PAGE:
Flipping Your Classroom

Jessica Dodd and Kelly Burns

What is it, and should you do it?

Flipping the classroom is not quite as messy as it sounds! The most simplistic description is that it takes what is traditionally done at home and moves it to the classroom, and what is traditionally done in the classroom is now homework. The idea is that if direct instruction (in the form of video lessons) is moved outside the classroom, then class time can be spent more productively in applications, with more collaborative activities and individual teacher-student interactions. This flyer highlights some of the pros and cons of the flipped classroom to help our viewers begin to think about this model and whether or not it is something worth pursuing further.


•More class time for application and other higher-order thinking activities

•Students can learn at there own pace; they can pause, rewind, rewatch lessons as often as needed

•The schedule is more flexible. If students are absent, they can still get the material, or if they have upcoming events, they can arrange to watch ahead.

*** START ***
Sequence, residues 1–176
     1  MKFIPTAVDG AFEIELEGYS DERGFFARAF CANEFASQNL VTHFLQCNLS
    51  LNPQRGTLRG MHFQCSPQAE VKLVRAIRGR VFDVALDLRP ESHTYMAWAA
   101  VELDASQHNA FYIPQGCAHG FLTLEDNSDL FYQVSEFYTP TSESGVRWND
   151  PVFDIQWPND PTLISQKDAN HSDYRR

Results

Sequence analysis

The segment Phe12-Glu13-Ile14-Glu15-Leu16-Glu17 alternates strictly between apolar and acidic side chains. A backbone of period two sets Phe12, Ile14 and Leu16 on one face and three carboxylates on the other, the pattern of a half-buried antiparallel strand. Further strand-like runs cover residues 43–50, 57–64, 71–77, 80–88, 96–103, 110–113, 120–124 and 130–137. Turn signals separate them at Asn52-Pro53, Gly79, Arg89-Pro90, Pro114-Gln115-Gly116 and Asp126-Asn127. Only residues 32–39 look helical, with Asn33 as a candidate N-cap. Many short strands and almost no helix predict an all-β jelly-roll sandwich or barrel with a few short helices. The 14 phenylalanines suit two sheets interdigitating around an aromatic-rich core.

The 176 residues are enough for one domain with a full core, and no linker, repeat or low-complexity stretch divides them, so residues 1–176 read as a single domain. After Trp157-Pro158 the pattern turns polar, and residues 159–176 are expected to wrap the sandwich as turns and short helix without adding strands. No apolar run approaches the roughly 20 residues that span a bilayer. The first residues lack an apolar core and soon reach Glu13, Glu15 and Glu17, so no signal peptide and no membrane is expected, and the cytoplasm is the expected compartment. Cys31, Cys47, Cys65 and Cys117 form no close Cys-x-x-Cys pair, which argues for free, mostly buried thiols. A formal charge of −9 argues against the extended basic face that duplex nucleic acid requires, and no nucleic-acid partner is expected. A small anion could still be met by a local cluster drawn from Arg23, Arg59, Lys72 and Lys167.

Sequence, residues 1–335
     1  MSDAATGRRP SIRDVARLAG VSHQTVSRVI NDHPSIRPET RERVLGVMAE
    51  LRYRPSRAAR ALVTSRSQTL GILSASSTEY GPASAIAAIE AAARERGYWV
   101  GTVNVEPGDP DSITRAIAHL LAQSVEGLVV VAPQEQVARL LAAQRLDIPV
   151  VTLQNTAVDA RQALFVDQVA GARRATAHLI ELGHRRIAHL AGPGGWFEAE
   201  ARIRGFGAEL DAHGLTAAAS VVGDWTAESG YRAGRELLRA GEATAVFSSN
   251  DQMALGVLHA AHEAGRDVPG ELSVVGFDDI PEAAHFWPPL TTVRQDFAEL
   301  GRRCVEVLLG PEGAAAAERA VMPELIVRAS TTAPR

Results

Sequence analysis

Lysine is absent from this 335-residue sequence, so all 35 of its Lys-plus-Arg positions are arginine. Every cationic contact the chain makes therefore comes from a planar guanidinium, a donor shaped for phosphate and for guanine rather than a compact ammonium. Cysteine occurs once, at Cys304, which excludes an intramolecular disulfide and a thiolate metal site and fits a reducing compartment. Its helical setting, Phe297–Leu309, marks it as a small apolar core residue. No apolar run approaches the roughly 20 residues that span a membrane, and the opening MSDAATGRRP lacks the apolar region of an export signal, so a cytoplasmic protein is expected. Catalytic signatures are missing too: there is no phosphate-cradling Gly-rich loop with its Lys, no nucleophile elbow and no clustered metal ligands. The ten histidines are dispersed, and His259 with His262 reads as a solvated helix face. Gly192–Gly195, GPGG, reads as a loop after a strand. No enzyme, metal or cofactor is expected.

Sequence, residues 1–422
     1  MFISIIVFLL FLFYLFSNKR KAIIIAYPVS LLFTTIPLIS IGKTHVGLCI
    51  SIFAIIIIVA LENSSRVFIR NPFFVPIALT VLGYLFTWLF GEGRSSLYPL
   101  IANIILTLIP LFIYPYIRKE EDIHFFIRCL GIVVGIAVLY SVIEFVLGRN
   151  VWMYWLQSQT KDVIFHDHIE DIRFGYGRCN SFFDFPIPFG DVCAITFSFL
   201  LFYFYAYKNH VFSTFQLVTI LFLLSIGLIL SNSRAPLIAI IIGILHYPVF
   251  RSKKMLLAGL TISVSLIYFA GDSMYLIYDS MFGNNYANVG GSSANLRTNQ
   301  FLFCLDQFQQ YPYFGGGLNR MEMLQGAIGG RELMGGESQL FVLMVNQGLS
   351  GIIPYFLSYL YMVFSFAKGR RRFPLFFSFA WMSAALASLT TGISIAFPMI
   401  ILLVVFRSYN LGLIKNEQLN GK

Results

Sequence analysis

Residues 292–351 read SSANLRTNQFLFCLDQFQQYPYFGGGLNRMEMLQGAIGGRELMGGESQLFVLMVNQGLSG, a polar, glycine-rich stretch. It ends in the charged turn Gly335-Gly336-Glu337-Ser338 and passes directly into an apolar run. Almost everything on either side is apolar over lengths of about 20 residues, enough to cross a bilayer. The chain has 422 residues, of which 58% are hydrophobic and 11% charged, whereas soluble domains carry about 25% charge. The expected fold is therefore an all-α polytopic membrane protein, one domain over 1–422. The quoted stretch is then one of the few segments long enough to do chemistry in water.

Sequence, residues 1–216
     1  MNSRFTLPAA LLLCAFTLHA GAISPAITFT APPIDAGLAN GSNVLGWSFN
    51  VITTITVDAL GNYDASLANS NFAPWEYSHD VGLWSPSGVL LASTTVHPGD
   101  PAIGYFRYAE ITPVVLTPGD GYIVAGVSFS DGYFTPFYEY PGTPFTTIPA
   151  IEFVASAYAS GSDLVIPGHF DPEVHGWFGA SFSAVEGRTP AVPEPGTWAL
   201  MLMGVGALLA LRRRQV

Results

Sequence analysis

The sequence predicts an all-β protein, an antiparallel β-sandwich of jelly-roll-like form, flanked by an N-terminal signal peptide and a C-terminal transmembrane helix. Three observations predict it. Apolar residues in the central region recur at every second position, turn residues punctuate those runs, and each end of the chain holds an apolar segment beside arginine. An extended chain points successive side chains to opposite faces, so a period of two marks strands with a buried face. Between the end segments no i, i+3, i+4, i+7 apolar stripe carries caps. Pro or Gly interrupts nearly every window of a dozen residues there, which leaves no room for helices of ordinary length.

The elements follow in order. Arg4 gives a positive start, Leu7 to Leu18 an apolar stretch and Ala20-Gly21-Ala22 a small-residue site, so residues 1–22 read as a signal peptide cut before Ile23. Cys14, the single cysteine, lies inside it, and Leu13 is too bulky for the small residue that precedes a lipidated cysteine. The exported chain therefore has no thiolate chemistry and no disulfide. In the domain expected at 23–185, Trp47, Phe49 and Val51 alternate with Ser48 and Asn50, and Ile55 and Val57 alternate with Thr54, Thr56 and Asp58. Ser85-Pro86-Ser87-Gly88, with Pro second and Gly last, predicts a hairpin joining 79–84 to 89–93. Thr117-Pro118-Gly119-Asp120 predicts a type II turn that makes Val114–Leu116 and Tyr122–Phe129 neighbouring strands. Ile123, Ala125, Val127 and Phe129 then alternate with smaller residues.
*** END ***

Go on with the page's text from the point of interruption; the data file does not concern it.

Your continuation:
•There are numerous devices and places for students to watch the videos (even in the car or bus with an iPad or iPhone otw to the game)

•More collaborative activities in class and more one-on-one interaction between teacher and student

•Students have the teacher available to get answers to questions when applying the concepts, instead of struggling over traditional homework alone at home.


•Parent/Student buy-in may not be automatic; they have to be convinced of the benefits.

•Not all students, especially in poorer districts, have the necessary technology.

•There will always be those students who will not watch the videos.

•Even students who watch the videos may not really be focusing or taking good notes; this may require some up front class time for training

•There is much more prep time required for set-up, including either selecting pre-made videos or creating from scratch, as well as learning to plan differently for class time


Bergmann, J. (2011). Flipping the Classroom. Education Horizons, 90(1), 5-7.

Fulton, K. (2012). The Flipped Classroom: Transforming Education at Byron High School. T H E Journal, 39(3), 18-20.

EDUCAUSE Learning Initiative. (2012). Retrieved from 7 Things You Should Know About... Flipped Classroom: www.educause.edu/eli

TechSmith. (n.d.). The Flipped Classroom. Retrieved from www.techsmith.com/flipped-classroom.html